AMIDST the current furore of the exam system, I'd like to propose an alternative process.

First, there should be self-evaluation based on criteria which are shared among the teacher and the class. The more learners understand the criteria for success, the better the learning. In fact, it promotes deep rather than surface learning. I would propose that self-evaluation be introduced into the learning process as early as possible and that as pupils make their way through their education journey from pre-5 to college, university, apprenticeships and work, they continue to hone their self-evaluation skills.

Second, there should be continuous assessment undertaken by teachers as the pupils move through the system. Most of this will be of a formative kind, that is, designed to help the pupils improve next time. Grades or marks out of 100 are of little value in this context. The purpose of assessment should be, in the main, to give the student insight into how s/he is doing and, importantly, what they need to do to improve.

Third, there should be examinations, but not necessarily as we currently know them. Traditional pen-and-paper exams have surely had their day as the main way of assessing learners and judging potential. Open book exams have been part of the assessment system in many countries. The student can bring into the exam hall an agreed course book which s/he can refer to as they try to solve a problem set by the examiner. In addition, in this digital age, surely there can be assessment online which does not require speed writing and which is lively and engaging into the bargain.

Now, what would be the practicalities of all of this? Some readers might remember National Records of Achievement, which were introduced in the early 1990s and survived into the 2000s. They “failed” because universities would not buy into them. So universities have to come on board and be prepared to base their decisions about who gets into their courses on a wider range of information and not solely exam grades. The learners need to be encouraged to take ownership of their records. And, notwithstanding the current wave of nostalgia for the wine coloured multi-paged folders, they have to go digital.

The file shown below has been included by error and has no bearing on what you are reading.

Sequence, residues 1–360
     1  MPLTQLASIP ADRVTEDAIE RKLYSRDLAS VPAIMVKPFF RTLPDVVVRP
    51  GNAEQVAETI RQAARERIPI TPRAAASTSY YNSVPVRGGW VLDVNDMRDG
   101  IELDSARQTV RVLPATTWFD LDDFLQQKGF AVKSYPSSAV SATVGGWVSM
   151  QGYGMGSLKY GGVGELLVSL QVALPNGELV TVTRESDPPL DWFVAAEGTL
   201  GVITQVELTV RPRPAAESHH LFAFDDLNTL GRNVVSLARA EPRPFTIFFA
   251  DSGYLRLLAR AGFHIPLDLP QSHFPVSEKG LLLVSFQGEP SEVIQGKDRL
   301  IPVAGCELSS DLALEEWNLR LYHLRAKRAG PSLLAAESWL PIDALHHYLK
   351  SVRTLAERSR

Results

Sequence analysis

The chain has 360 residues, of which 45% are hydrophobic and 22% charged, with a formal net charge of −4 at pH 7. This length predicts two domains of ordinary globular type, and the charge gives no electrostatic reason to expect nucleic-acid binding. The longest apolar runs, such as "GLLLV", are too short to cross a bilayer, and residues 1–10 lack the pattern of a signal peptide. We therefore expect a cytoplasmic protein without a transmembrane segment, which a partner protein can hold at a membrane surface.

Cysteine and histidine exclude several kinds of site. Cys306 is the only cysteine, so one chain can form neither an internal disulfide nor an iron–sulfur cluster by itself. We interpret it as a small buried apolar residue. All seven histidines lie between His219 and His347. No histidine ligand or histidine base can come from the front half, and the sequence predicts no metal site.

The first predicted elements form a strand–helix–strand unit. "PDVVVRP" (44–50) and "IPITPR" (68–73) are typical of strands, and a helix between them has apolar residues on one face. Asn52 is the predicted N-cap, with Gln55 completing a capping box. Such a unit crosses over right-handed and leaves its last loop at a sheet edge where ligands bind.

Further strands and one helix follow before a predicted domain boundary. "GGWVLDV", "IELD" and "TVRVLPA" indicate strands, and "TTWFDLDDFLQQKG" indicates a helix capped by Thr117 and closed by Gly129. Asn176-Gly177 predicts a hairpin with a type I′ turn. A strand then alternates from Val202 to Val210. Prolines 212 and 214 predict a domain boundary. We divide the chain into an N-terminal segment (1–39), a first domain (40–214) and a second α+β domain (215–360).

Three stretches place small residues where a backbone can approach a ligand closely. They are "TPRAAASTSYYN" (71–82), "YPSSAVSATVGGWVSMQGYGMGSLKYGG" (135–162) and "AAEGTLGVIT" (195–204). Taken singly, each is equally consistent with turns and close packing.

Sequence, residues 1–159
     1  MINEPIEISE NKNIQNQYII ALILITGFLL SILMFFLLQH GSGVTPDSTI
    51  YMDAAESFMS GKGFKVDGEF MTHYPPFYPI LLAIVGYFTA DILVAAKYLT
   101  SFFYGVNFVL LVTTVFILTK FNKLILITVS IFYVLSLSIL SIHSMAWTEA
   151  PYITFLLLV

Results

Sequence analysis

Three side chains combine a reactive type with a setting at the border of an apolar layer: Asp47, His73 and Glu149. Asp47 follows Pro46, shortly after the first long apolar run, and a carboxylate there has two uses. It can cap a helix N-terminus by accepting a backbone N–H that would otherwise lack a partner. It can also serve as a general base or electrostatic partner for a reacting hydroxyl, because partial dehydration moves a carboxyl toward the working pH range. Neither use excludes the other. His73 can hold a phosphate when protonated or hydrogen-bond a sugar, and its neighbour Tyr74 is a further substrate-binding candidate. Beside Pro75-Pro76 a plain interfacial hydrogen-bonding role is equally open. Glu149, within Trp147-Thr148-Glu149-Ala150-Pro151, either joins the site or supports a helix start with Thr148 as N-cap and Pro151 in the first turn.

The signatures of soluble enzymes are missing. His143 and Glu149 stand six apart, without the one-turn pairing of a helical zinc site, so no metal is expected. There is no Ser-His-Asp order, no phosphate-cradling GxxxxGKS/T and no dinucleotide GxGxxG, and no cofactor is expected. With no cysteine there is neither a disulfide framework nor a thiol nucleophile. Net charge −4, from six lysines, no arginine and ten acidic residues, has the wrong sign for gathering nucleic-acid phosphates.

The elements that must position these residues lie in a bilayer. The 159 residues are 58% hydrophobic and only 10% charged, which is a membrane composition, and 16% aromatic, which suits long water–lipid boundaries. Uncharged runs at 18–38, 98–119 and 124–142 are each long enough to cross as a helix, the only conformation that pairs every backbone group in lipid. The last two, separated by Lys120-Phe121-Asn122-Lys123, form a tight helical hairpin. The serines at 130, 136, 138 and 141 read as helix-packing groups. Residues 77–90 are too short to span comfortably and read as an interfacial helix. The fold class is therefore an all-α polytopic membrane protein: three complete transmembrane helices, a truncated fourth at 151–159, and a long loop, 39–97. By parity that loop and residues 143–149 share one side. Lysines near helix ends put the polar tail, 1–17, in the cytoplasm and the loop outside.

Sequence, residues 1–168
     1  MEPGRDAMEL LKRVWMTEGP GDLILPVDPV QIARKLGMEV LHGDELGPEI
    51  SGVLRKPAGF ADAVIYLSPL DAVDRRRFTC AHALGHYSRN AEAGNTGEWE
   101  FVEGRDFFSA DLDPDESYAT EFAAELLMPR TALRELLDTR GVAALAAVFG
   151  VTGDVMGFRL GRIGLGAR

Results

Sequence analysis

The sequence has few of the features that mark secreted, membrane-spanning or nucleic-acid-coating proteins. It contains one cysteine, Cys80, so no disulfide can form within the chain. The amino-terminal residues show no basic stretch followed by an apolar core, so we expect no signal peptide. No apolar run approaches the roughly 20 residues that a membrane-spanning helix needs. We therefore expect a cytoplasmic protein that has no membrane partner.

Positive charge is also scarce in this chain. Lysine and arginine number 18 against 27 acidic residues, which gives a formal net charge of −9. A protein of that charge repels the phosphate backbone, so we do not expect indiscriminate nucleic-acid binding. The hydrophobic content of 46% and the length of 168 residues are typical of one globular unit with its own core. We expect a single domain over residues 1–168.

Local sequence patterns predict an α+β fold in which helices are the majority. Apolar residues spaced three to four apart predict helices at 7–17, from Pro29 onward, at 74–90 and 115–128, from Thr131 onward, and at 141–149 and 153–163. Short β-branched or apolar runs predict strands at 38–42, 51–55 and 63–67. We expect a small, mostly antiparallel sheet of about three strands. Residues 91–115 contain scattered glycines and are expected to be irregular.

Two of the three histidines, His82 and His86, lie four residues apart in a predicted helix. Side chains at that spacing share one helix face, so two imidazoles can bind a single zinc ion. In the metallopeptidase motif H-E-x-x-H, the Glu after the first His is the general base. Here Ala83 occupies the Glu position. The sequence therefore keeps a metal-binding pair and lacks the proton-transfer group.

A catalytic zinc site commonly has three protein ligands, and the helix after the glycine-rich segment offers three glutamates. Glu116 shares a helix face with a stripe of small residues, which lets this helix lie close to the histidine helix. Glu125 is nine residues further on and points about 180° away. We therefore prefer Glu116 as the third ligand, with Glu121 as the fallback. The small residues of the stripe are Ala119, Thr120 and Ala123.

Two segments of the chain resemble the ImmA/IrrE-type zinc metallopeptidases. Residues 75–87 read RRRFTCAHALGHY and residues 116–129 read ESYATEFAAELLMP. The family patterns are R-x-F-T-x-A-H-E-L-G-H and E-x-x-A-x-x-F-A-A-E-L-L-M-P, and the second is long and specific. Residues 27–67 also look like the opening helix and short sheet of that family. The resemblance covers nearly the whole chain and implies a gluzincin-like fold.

Finally, there should be the ability to include evidence of achievements which have been gained outside school, for example, in the community, in national award schemes, in charitable work and other forms of volunteering, and so on.

If we can see assessment as an integral part of the learning process and not as an end point, we might be able to ascertain to what extent pupils have become successful learners, confident individuals, effective contributors and responsible citizens as set out in the original Curriculum for Excellence report.

So, let's begin the debate.

Professor Brian Boyd, South Lanarkshire.

MANY years ago I was discussing with a senior councillor the slow progress of the school closure programme which Strathclyde Regional Council was undertaking at the time. He told me that the problem was when a school, about which parents had complained for years, was proposed for closure, it suddenly became the finest educational establishment in western Europe. A similar transition seems to have taken place concerning a teacher's ability to predict examination success. I wonder if the grounds for appeal will include what every head teacher has been told: "The teacher always picks on him"?

Robert A Stewart, Glasgow G12.